And I said, "Warren, I got to ask. If I'm going to go get a publisher on this, if I did, would you be open to writing a forward on it?" And he said, "Absolutely." So it wasn't a difficult ask. I didn't know what to expect. But he's been so supportive. So has Greg Abel. Berkshire has been just so in Brooks' corner.
And I love to tell this story, but he said, "This is a great story. And you write this book, I'm going to share it with everybody at Berkshire." So he's been so supportive from the beginning.
Guy Kawasaki:
Well, if 270,000 employees of Berkshire buy your book, you'll have no problem.
Jim Weber:
Oh Guy, it's one of these things that I think I've been involved in a lot of organizations, in lot of conferences and speakers, and I have such a high bar. It's got to have takeaway value for the reader. And I hope it does.
Guy Kawasaki:
It does.
Jim Weber:
There's a great running story in here. I've learned a lot about leadership. And if somebody can take away some things about leadership from that, it's great.
But the Brooks story as a competitive strategy story, as a purpose driven branding story, as a culture driven business story is fun to tell. I think we're executing at a really high level, and I'm super proud of that.
So here's the key. If there's not takeaway value, it'll be a good door stop to keep the door open on a windy day or something. Hopefully, it has value for people.
Guy Kawasaki:
I hope you'll put a flyer or a coupon in the Brooks boxes because this is definitely a book worth reading.
Jim Weber:
Thank you. Thank you. I'm a rookie author. Some fabulous people help me tune it and shape it. I wrote all of it, but I've got a lot of help tuning and shaping and editing.
And I just have respect for people that are really good at what they do. And I don't consider myself a great writer, but I think the story and the elements in there have a lot of value. So I'm hopeful that people can not only get into it, but get through it.
Guy Kawasaki:
I would say that books are like shoes, and it's all about the product.
So my takeaway is that the Warren Buffet story, the man is as good as the myth.
Jim Weber:
Oh my gosh, Guy. I have to tell you, this is a person, and I describe him with the backdrop of the concept that life isn't fair, he's brilliant. He's a brilliant investor. He's a brilliant business person. He's got a brain for numbers and constructs that is incredible. I've presented to him year in year out.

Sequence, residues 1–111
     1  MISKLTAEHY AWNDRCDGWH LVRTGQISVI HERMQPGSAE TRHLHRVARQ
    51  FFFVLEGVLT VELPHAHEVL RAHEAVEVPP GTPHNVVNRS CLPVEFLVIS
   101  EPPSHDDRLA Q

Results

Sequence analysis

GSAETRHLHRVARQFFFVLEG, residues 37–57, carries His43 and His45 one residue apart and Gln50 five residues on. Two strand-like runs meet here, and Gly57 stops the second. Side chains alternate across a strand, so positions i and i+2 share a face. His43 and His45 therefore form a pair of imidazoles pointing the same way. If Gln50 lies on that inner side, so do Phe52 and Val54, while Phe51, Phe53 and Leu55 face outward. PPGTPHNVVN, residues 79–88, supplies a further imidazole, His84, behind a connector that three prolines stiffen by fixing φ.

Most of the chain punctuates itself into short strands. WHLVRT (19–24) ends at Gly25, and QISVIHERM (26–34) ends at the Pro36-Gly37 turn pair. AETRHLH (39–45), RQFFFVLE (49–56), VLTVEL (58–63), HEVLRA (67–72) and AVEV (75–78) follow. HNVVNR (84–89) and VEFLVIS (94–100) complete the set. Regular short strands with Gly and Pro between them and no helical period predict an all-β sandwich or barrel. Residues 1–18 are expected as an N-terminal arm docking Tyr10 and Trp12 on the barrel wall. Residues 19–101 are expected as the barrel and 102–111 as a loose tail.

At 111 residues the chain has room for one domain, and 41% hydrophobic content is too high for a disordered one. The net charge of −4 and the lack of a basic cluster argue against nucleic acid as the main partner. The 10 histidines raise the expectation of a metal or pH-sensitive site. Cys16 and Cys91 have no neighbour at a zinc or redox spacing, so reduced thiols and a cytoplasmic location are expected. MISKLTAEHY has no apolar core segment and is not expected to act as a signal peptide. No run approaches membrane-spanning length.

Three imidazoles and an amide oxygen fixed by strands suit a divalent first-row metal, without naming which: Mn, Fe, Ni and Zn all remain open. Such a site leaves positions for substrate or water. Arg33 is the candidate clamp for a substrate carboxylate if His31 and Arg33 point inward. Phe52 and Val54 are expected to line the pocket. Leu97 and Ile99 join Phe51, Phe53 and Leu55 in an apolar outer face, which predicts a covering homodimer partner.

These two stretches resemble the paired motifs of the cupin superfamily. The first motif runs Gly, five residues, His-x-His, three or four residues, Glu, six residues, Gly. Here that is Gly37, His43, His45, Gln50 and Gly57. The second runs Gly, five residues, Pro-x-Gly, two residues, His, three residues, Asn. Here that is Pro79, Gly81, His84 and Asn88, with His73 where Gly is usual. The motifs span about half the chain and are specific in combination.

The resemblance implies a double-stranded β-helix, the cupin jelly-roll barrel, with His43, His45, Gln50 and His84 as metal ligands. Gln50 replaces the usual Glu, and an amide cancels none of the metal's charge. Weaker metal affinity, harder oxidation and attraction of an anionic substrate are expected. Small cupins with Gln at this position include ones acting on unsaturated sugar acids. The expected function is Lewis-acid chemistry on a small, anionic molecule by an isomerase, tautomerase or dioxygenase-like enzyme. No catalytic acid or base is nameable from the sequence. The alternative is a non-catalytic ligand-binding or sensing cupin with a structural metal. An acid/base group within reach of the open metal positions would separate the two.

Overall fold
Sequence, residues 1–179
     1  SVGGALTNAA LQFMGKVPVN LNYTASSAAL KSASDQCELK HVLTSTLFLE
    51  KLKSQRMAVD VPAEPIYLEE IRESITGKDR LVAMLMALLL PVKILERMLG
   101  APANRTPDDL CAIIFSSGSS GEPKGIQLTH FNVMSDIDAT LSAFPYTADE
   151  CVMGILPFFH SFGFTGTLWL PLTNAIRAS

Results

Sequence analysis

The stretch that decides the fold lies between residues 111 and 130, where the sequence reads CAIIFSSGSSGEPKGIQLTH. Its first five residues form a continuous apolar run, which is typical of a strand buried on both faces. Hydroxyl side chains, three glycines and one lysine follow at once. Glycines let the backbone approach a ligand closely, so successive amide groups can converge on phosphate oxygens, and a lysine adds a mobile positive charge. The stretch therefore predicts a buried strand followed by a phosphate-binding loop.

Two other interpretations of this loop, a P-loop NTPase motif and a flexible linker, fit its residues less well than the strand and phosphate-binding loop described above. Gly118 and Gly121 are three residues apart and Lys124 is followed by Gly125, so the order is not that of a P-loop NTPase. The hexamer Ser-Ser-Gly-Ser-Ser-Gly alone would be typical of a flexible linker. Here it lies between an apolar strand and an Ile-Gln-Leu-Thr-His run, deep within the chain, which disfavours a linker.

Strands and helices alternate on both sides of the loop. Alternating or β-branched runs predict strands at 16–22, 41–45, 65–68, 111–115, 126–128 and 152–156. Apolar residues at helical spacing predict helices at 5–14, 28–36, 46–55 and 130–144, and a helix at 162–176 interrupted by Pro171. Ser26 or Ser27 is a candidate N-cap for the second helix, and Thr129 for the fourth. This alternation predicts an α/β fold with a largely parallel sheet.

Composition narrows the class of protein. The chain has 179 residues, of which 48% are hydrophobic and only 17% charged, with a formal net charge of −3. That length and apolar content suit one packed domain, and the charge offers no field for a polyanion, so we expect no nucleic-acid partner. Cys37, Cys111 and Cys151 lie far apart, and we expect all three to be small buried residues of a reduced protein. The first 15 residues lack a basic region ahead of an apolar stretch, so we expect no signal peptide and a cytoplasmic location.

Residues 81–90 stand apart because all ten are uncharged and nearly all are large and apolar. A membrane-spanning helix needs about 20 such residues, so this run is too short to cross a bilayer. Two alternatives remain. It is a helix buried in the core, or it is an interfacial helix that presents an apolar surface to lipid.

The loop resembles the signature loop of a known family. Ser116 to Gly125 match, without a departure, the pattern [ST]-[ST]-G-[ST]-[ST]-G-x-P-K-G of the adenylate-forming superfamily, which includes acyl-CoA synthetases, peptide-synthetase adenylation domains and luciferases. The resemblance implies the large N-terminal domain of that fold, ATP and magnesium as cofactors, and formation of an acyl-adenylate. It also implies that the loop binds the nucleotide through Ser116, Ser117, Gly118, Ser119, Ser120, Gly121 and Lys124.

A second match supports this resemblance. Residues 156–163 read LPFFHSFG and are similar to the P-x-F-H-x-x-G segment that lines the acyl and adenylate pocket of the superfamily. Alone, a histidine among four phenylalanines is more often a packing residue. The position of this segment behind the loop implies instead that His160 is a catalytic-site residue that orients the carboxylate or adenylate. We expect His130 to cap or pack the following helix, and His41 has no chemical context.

And he corrected me on my numbers. I say, "Yeah, we were at about 40 percent." "No, you were 34.2 percent two years ago." He's got a brain that is just wired to understand business and connect dots.
But he's an incredible people person. He's just a student of humans and human behavior and relationships and connections. He does his homework. And his empathy for people has just been stunning to me.
And so, yeah, I'm humbled by just the way he carries himself as a human being. And it's been inspiring to me. But absolutely he is all that he seems to be. That's how he operates.
So I first meeting, he invited me out. The door closed. There was not one cell phone message or phone call or interruption. I had his undivided attention for three hours, and he was like a kid in a candy store. He was so curious. He wanted to know everything about Brooks, everything about our business. What makes it tick? Why didn't we get squashed by the big brands? And he just has a curiosity and energy around learning that's absolutely inspiring.
And I think all the smartest people I've ever been around are lifelong learners and curious. And he's just been inspiring because, boy, he's now in his nineties, and he's probably still one of the most curious people I've ever met. It's pretty cool.
Guy Kawasaki:
And he did get rid of the New Balance.
Jim Weber:
Oh, yes he did. We were trying to get him in Brooks shoes. And he sent a note back and said he had met Jim Davis at New Balance, great brand, great company. And we have a lot of respect for New Balance.
But he said, "I met Jim Davis maybe ten years ago, and he sent me some shoes. And it's just the kind of person I am. I still have them." So we got him into a pair of Brooks, and I think he's been happy in them.
Guy Kawasaki:
Okay. Because it would not be of a good thing if he showed up at a shareholder meeting in New Balance. Your cancer experience.
Jim Weber:
Yeah. Yeah.
Guy Kawasaki:
Did it make you a better person? What did you learn from that experience?
Jim Weber:
I learned a lot, and I don't mind talking about it. It's been a huge part of my life for the last four years.